Relief measures included the continuation of Hoover's major relief program for the unemployed under the new name, Federal Emergency Relief Administration. The most popular of all New Deal agencies – and Roosevelt's favorite – was the Civilian Conservation Corps (CCC), which hired 250,000 unemployed young men to work on rural local projects.
Recovery was pursued through "pump-priming" (that is, federal spending). The NIRA (National Industrial Recovery Act) included $3.3 billion of spending through the Public Works Administration to stimulate the economy. Roosevelt worked with Republican Senator George Norris to create the largest government-owned industrial enterprise in American history, the Tennessee Valley Authority (TVA), which built dams and power stations, controlled floods, and modernized agriculture and home conditions in the poverty-stricken Tennessee Valley.

What did Franklin Roosevelt contribute to World War 2?

“FDR was extremely attentive to public opinion, and he delayed American entry into the war until there was public support. He used countries like Britain and France as proxies until America could enter the war. He nurtured American opinion, and he deepened, by stages, America's involvement in the war. He did not enter WWII until the bombing of Pearl Harbor. FDR possessed immense personal courage. FDR held American democracy together during the Depression. He won four consecutive presidential elections, and he did it all with a broken body. Roosevelt built a powerful wartime coalition with Britain and the Soviet Union, and led the nation to victory against Nazi Germany. During the interwar years and in the war itself, a great worldwide battle of values, forms of government, and economic systems was underway, pitting liberal democracy against fascism, Nazism, and communism. Roosevelt’s advocacy of American ideals and institutions gave eloquent expression to the tenets of liberal democracy for which the nation fought, and included stirring public statements of the importance of America’s founding principles of representative government, religious freedom, toleration, individual liberty, free speech, and capitalism. Roosevelt's expressions of the core values of a free and open society inspired many in the United States and around the world, even though he did not always live up to those principles. Roosevelt succumbed to fear and racism when he issued Executive Order 9066, which interned 112,000 Japanese Americans during the war. “ Excerpted from Khan Academy module on FDR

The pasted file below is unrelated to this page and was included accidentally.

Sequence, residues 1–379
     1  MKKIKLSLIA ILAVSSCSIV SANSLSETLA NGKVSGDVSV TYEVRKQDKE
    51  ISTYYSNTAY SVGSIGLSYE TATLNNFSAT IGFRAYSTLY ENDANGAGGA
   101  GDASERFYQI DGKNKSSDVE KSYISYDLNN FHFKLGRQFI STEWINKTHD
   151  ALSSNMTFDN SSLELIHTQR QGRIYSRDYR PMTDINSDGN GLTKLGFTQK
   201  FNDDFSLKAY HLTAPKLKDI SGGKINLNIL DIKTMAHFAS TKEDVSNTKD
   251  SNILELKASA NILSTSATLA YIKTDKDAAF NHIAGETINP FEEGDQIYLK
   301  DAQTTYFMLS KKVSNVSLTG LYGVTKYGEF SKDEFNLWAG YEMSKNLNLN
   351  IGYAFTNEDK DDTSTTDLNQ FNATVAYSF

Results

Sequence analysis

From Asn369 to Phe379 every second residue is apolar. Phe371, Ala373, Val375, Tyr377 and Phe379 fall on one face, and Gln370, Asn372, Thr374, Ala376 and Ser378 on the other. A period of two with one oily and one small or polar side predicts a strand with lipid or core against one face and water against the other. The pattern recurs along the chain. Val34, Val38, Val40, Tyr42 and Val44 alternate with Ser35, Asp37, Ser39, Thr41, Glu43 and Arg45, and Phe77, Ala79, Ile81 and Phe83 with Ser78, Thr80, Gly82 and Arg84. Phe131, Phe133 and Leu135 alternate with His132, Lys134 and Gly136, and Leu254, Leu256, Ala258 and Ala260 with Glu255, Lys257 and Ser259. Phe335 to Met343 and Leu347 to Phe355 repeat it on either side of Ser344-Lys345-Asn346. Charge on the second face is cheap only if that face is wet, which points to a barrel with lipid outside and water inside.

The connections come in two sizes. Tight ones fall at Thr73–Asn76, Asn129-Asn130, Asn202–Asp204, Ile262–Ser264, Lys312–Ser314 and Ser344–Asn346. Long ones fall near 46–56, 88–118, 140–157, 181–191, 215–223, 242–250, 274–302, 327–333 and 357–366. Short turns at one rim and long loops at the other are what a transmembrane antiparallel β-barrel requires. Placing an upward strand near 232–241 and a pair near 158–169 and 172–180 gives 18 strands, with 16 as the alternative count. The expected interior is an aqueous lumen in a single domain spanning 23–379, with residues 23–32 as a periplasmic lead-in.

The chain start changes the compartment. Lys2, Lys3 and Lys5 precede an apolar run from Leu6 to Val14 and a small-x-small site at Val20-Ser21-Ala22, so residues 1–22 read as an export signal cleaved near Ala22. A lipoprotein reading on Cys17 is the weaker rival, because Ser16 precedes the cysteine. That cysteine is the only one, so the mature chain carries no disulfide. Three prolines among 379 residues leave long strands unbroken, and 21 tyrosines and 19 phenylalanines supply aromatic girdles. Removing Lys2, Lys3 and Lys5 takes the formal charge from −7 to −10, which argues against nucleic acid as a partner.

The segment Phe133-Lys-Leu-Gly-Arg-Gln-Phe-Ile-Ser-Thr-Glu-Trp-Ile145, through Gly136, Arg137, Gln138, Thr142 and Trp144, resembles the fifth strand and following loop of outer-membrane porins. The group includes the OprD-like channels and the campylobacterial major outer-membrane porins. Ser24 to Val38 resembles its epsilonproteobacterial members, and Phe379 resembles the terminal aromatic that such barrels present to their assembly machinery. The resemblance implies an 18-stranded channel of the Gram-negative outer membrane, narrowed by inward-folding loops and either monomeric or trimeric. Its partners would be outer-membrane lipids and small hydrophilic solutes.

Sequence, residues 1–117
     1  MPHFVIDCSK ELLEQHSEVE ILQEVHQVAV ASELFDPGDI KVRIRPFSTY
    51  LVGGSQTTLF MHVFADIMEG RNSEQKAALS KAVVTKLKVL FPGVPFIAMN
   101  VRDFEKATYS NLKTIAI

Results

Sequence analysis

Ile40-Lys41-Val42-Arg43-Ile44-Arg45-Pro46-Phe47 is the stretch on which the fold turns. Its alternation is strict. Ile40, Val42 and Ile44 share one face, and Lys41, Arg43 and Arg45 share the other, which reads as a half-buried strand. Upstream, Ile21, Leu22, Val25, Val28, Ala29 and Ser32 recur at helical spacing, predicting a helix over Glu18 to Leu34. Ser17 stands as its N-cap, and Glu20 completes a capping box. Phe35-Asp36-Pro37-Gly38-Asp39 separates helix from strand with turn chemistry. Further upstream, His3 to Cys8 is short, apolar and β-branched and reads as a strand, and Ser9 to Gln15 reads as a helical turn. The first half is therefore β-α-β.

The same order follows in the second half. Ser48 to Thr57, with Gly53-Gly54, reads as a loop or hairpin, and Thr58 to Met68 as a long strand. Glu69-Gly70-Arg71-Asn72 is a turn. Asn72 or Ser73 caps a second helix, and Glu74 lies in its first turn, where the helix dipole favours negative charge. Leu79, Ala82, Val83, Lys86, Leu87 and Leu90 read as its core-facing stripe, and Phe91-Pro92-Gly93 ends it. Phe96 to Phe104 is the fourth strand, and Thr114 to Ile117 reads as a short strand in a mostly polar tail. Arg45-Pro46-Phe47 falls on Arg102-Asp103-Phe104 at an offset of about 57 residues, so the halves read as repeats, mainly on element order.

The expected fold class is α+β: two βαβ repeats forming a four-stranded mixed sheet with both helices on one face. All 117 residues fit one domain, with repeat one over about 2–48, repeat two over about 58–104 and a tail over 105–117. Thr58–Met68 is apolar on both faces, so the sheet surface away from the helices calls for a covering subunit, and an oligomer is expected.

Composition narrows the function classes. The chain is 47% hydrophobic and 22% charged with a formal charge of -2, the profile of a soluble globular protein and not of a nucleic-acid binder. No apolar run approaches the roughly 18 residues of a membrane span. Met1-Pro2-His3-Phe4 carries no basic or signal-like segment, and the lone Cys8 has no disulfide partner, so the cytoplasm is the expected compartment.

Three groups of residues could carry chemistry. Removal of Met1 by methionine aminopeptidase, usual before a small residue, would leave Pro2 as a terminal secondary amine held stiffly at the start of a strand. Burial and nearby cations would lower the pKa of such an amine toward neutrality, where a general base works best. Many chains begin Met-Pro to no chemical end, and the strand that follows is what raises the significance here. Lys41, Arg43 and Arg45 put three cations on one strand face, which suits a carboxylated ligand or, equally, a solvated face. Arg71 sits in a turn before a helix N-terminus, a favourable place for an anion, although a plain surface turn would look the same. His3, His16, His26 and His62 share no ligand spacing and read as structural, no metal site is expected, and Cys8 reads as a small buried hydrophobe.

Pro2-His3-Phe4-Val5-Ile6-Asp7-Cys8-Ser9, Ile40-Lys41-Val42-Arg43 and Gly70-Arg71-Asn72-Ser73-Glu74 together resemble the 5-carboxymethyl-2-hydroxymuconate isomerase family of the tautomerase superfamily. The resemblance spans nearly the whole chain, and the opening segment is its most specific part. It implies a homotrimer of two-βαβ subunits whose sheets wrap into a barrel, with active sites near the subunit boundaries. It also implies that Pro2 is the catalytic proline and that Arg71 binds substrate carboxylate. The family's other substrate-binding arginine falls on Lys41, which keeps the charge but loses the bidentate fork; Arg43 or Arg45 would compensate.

Why did Franklin D Roosevelt not include civil rights legislation for African-Americans as part of his progressive "New Deal"?